There are many ways to help needy children, but one of the most rewarding is by sponsoring a child of the AFCECO orphanages. They are from every ethnic group in Afghanistan. They have survived in the worst conditions of war for over 40 years. The lucky ones get to be housed, fed and kept safe at AFCECO. They get to be educated in an environment of respect, equality and diversity, and to grow up with people dedicated to giving them the best future possible. You can build a warm and supportive relationship with one or more of these children by writing letters to them and celebrating their birthdays, or accomplishments in school, music or art. By educating a child, you will help change their life for the better future and it will change your life too. Sponsoring a child through AFCECO is a potent act. It is an act of caring, of joy, of interaction, of empowerment. It is an act whose benefits flow both ways. Through a simple, practical act of caring, you are making a real difference.

AFCECO funds its orphanages almost exclusively through sponsorship. This is facilitated thought its partnership with CharityHelp International, a non-profit organization located in the US. This allows for all funds to be tax deductibles.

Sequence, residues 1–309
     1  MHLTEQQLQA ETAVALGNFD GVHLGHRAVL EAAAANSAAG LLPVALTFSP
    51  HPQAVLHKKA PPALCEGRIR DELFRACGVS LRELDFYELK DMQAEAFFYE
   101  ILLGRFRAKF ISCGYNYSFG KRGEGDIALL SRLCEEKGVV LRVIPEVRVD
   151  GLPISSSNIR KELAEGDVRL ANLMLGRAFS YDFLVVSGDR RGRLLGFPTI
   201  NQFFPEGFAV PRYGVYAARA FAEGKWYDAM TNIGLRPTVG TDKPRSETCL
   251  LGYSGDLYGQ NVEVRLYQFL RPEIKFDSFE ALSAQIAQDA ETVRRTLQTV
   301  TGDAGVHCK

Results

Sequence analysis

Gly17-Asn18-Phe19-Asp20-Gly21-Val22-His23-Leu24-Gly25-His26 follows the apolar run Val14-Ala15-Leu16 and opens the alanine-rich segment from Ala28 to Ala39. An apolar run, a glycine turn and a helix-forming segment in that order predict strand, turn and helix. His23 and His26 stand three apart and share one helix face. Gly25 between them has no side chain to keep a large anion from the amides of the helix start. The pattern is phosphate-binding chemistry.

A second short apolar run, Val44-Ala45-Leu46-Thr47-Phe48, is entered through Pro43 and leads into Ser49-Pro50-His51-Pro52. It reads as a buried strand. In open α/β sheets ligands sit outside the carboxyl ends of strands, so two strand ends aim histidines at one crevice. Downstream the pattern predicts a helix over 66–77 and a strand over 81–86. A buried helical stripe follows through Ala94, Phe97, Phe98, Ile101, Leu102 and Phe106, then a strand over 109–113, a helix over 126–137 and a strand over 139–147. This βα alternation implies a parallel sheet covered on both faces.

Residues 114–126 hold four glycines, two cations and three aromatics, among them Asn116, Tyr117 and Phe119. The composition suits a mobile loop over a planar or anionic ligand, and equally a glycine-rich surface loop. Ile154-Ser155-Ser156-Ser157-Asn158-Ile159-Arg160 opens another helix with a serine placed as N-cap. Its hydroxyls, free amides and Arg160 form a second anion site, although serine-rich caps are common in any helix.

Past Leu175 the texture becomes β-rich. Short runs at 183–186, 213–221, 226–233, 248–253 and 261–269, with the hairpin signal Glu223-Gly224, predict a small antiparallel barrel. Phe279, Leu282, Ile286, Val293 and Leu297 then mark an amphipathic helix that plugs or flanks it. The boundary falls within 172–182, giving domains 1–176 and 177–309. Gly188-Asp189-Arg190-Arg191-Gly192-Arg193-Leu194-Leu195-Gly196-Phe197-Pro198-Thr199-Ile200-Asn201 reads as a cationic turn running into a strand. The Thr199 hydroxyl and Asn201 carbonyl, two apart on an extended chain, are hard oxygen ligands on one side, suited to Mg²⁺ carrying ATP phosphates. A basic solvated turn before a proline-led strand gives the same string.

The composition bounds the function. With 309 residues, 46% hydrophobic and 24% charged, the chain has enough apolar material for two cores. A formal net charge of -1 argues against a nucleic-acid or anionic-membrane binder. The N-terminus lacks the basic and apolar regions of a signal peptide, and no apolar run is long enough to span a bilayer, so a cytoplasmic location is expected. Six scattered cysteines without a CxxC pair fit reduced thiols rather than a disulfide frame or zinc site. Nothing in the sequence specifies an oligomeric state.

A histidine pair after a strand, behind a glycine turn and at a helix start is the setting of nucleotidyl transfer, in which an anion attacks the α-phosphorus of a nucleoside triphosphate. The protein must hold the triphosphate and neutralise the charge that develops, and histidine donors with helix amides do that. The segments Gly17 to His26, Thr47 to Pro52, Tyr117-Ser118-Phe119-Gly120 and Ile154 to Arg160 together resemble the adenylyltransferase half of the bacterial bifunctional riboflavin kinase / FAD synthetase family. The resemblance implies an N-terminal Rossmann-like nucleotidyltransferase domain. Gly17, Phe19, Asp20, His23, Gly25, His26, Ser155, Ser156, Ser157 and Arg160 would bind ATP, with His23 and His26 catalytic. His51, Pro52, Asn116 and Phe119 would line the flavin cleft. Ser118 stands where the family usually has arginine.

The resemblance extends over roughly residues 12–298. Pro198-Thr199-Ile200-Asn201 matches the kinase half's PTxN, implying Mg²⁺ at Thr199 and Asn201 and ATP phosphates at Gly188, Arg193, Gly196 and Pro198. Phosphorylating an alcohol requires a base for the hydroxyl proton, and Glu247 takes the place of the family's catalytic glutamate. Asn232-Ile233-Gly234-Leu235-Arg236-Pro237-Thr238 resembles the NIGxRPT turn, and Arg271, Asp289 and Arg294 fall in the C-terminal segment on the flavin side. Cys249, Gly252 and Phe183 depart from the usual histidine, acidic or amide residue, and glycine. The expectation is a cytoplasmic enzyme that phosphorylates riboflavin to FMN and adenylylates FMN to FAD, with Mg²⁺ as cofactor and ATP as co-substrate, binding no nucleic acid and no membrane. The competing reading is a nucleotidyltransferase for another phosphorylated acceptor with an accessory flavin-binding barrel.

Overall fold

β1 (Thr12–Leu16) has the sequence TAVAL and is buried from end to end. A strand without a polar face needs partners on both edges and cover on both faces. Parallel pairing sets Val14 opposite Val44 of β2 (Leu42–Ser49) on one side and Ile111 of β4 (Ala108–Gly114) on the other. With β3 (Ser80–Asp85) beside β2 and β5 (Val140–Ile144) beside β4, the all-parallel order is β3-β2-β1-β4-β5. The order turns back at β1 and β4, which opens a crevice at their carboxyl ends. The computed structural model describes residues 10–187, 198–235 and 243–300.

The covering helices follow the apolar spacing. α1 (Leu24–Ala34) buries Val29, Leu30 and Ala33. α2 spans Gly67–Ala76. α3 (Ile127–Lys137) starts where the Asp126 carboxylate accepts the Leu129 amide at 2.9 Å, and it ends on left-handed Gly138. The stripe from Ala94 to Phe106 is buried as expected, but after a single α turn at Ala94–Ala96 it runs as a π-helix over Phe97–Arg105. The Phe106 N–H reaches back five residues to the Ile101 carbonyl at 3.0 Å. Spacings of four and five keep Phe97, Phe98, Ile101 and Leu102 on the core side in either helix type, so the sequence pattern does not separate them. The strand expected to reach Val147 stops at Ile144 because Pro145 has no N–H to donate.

Each child needs the Basics, but AFCECO builds a family where Education, Health Care, Safety and Transportation are each part of the support for every child. You can become a Full Sponsor of a child or just help in any way you can for as little as $39 or $40 dollars a month. All the money goes to the support of these children and is fully tax deductible.

Join in the support of a child and it will make your life happier and healthier as well. Press the Sponsor Now button above and see a list of the children who need sponsors. Choose one and begin a journey of happiness with your child today.

Full Sponsorship $234 1. Basic Needs $60 2. Educational $50 3. Health Care $40 4. Housing $45 5. Energy & Transportation $39

Sponsor a child now

“Supporting these children is not only a gift to the as individuals, it is a gift to the world’s future. Against staggering odds, they have made it this far, surviving as lights of hope in the darkest of nights. It is up to us to help them continue to shine.” –Jennifer Hartley, CharityHelp Board Member.

AFCECO is busy fostering the only lasting resource a homeland has: its children. As Afghans who are helping Afghans, this family is growing. With each additional child we take in, the purveyors of hate and oppression become ever more marginalized.

A day begins at 5:30 a.m. when the 60 or so children stir and the housemother heats water and the house father goes off to market. Nobody needs to badger or otherwise nag the children. They mostly monitor themselves, the older ones quickly educating the youngest. They somehow manage the bathroom rotation, get the house swept clean, make up their beds and rooms and dress into their school uniforms before tea and nan (bread), is served. One aspect of orphanage life must be emphasized – punitive punishment is never practiced, as it is against AFCECO policy. Discipline is maintained not by fear, but by common interest.